Saturday, September 16, 2006

Neither GREP nor GOOGLE: Chestertonians search upside down.

Tomorrow, of course, is Sunday.
"The fact is," said Syme serenely, "the truth is I am a Sabbatarian. I have been specially sent here to see that you show a due observance of Sunday." [The Man Who Was Thursday CW6:496]
It is ACS blogg policy to "show a due observance of Sunday" - hence, no postings will be made tomorrow. (You may, however, read and comment at your pleasure.)

And I have a piece of news! This is my last posting standing in for Nancy Brown, who shall resume her excellent work on Monday.

Yes, I have sailed quite close to the edge of the envelope in mentioning technology along with GKC - so I will complete my discussion, which (as it turns out) is quite fittingly related to Nancy's recent column "Finding Clairity" which was also about a kind of search. This posting will complete my little discussion on words, and finding certain things with a computer, and provide a little surprise. is the test of a good encyclopaedia that it does two rather different things at once. The man consulting it finds the thing he wants; he also finds how many thousand things there are that he does not want.
[GKC The Common Man 240]
Some time ago there was a cartoon version of "The Cat in the Hat" which I ought to have used in writing my doctoral dissertation. I cannot recall what happens in the story, but the two children are trying to find something, and the Cat attempts to assist them in finding the whatever-it-is. Anyway, the Cat introduces them to a method called "Calculatus Eliminatus" which (if I remember correctly) is the method by which one finds something by finding out where it isn't. Lots of good fun for human and feline.

If you play on the INTERNET, you know about "GOOGLE" and its rivals, which are tools for doing "searches" - they seek for words among web pages. Or, if you work with computers, you know about the famous search tool called GREP which seeks for words among files in the disks of the computer. Such tools could be said to work on the biblical principle of "seek and you shall find": like the man with a ring of keys, the computer takes the word being sought, and tries it against every part of the file, step by step, announcing each "successful match", until the end is reached. (We humans usually stop once we find a key that works. Computers do as they are told, no matter how boring their work.)

This wonderful mechanism works fine for basic kinds of searches like the GREP and GOOGLE kind. But for things like rRNA sequences, which have their own challenges, or for upside-down searches, like "Calculatus Eliminatus" - well, a different kind of trick is needed.

Some biologist-friends needed to find sequences in RNA from bacteria - sequences which were in one species but weren't in any other. So I looked into ways of using the computer to help them. The technical details I defer for now - but it is an interesting challenge to express the question in - er - "lit'ry" terms:
We are given a certain edition of a certain book of some decent size, such as GKC's The Everlasting Man. As a kind of puzzle, we wish to find a "key" word for each page, which acts just like the page number does. That is, a word which appears only once in the whole book. So if one were to mention that word (like maybe in a kind of cryptogram) one would know what page number was being referred to.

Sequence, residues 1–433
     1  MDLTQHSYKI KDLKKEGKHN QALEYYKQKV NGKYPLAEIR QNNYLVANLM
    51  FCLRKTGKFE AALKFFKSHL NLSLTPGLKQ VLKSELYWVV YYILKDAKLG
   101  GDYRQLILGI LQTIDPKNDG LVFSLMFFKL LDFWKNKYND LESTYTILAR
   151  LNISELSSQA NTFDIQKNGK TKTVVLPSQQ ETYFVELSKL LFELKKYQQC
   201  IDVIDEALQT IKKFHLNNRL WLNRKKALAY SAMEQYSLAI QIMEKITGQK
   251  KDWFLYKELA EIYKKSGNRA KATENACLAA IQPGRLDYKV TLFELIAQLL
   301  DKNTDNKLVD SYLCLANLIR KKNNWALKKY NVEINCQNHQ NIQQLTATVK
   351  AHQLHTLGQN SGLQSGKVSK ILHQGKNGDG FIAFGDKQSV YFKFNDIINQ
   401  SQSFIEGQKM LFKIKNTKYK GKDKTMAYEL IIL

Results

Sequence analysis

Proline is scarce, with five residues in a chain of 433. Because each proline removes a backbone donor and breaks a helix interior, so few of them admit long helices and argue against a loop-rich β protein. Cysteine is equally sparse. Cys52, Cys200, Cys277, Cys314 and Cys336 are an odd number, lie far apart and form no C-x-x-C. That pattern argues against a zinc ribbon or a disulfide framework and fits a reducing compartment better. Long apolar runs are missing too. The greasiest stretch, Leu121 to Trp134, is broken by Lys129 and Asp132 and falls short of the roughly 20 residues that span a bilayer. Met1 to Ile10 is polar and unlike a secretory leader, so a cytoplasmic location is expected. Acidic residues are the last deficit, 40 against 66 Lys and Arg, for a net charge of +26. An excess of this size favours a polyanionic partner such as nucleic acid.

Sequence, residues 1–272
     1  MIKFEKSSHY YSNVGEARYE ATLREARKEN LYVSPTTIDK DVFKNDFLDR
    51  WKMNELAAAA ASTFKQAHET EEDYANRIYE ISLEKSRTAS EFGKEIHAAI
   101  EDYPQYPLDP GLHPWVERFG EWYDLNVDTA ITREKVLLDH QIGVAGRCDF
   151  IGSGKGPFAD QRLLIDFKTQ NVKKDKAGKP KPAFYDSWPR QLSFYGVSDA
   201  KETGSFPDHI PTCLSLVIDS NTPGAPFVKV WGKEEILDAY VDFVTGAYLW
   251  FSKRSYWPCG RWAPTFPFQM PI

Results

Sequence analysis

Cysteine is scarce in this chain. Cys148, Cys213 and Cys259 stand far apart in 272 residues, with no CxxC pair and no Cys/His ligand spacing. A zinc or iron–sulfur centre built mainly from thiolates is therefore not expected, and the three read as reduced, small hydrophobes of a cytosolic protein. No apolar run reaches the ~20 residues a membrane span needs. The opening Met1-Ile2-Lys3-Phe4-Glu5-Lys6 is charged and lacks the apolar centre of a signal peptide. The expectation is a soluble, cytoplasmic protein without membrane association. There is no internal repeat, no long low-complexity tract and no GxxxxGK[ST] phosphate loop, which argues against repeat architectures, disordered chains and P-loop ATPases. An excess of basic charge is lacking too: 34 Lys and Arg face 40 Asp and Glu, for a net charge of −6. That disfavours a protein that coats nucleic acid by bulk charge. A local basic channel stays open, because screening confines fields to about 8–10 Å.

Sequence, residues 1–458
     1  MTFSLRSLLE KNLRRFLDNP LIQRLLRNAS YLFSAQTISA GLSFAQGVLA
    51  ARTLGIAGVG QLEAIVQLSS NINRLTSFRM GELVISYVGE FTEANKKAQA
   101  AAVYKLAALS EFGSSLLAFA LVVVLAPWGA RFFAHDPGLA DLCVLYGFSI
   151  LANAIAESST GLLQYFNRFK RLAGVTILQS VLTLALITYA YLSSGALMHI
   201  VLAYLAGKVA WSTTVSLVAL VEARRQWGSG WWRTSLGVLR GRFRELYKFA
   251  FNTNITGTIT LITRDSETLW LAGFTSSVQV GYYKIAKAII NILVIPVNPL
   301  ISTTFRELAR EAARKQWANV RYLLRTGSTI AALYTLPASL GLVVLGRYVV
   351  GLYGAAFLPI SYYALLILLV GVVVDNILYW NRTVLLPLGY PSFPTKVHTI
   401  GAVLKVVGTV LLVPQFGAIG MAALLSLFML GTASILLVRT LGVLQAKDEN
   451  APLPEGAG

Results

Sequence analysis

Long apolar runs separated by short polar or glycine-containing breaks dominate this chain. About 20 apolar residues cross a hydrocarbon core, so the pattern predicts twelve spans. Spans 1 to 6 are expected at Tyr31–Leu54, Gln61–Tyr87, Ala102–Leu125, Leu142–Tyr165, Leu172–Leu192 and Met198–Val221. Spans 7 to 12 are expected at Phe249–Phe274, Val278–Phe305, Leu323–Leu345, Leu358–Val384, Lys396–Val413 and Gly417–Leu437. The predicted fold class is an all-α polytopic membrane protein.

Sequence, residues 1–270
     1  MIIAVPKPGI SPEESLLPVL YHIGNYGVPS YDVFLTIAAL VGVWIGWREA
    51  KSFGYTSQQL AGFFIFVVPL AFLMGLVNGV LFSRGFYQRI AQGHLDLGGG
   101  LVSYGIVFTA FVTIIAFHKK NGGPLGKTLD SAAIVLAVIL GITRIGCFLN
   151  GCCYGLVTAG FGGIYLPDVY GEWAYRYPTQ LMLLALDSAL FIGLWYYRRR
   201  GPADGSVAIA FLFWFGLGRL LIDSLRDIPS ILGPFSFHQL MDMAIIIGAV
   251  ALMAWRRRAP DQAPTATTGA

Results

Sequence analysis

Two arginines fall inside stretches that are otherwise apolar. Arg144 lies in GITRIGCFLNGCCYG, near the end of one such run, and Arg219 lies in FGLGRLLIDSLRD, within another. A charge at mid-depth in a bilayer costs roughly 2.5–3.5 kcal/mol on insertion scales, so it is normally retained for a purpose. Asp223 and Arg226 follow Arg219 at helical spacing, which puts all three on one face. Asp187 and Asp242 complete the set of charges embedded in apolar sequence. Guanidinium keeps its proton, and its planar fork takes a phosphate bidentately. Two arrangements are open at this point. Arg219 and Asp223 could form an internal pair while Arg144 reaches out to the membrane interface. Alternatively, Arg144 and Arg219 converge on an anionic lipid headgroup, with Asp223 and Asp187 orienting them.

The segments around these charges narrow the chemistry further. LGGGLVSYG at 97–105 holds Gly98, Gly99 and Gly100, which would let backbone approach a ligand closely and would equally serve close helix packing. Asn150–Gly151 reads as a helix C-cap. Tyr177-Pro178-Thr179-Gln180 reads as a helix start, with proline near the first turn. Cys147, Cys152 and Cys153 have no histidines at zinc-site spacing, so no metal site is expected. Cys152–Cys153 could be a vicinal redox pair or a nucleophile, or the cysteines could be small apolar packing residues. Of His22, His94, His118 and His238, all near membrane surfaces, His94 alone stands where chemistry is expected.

So we want to find a word which isn't anywhere else.

There are ways of solving such things, but I won't go into details here. The important thing about one technique is that it provides you with both the singular words, and also repeated words.

So, with a bit of trickery, I managed to make my software process some English text instead of RNA sequences. And I found that among the over 100,000 words of The Everlasting Man, there were around 4000 words which appear only once... For example, of the "many thousand things" I did not want, I learned that "Anselm" only appears on CW2:386 and "yesterday" on CW2:373. But I had already found out these singular words by a much easier route. So I asked the harder question:

What phrases repeat, and what is the longest repeated phrase?

I was shocked when I read the answer. The following 13 words appear in this order three times:

""Heaven and earth shall pass away, but my words shall not pass away."[quoting Luke 21:33; see CW2:327,392,393]

If you want to try finding them yourself, go ahead - you may have to stand on your head to get anywhere. But if you want to save yourself the effort, as I did, just use your mouse to highlight the above gap, and the answer will appear.

Those particular words seem quite fitting, considering the subject and title of GKC's book. And they are strangely related to the quote I mentioned previously about "the smallest part of a letter".

Well, that concludes the discussion for today. I am quite grateful to Nancy for the opportunity to "splash around" here - and I am happy to say this is not farewell. She has asked, and I have agreed, to make a weekly appearance here, with bits of Chestertonian wit and technology. Can you guess what weekday it will be?


  1. Next challenge: find the longest string of repeated ideas. Does GKC start with disucssing the need for "wonder", then move to the importance of "smallness / home / the particular" then does he comment on "sacramentalism"? Are his ideas interrelated and does he occasionally present strings of them in the same order?

  2. We've started that work too, but it cannot be done mechanically, at least at the present stage of our resources. We call these things "GKC motifs" - the collection might be part of the annotations for The Everlasting Man - but more likely it will be an independent work.

    I'll post something on this over on my own blogg...


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